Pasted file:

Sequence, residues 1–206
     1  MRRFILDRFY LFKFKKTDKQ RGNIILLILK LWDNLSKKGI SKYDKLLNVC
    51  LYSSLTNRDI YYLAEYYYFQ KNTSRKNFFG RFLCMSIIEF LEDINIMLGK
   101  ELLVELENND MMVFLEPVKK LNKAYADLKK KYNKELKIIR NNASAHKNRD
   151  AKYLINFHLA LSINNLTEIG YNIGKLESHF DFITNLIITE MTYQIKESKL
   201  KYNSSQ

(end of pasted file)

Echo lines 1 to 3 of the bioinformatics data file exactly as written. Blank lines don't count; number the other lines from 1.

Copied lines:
Sequence, residues 1–206
     1  MRRFILDRFY LFKFKKTDKQ RGNIILLILK LWDNLSKKGI SKYDKLLNVC
    51  LYSSLTNRDI YYLAEYYYFQ KNTSRKNFFG RFLCMSIIEF LEDINIMLGK